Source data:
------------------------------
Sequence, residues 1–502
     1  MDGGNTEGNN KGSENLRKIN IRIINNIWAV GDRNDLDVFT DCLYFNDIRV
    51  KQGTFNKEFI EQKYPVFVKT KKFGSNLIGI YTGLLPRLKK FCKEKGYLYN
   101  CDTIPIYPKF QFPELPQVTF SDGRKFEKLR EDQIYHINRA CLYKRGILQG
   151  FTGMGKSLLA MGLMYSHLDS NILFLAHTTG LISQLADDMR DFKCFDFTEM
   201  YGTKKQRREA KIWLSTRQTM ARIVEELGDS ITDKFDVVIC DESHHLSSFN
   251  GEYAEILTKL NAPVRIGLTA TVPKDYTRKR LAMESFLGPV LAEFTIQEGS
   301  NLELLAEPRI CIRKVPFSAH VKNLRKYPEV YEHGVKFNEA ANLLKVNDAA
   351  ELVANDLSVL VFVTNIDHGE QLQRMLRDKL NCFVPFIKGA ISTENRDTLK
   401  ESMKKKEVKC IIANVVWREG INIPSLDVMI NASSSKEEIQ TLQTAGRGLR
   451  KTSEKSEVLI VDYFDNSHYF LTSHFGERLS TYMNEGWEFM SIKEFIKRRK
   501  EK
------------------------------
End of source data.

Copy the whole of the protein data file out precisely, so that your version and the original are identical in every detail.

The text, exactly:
Sequence, residues 1–502
     1  MDGGNTEGNN KGSENLRKIN IRIINNIWAV GDRNDLDVFT DCLYFNDIRV
    51  KQGTFNKEFI EQKYPVFVKT KKFGSNLIGI YTGLLPRLKK FCKEKGYLYN
   101  CDTIPIYPKF QFPELPQVTF SDGRKFEKLR EDQIYHINRA CLYKRGILQG
   151  FTGMGKSLLA MGLMYSHLDS NILFLAHTTG LISQLADDMR DFKCFDFTEM
   201  YGTKKQRREA KIWLSTRQTM ARIVEELGDS ITDKFDVVIC DESHHLSSFN
   251  GEYAEILTKL NAPVRIGLTA TVPKDYTRKR LAMESFLGPV LAEFTIQEGS
   301  NLELLAEPRI CIRKVPFSAH VKNLRKYPEV YEHGVKFNEA ANLLKVNDAA
   351  ELVANDLSVL VFVTNIDHGE QLQRMLRDKL NCFVPFIKGA ISTENRDTLK
   401  ESMKKKEVKC IIANVVWREG INIPSLDVMI NASSSKEEIQ TLQTAGRGLR
   451  KTSEKSEVLI VDYFDNSHYF LTSHFGERLS TYMNEGWEFM SIKEFIKRRK
   501  EK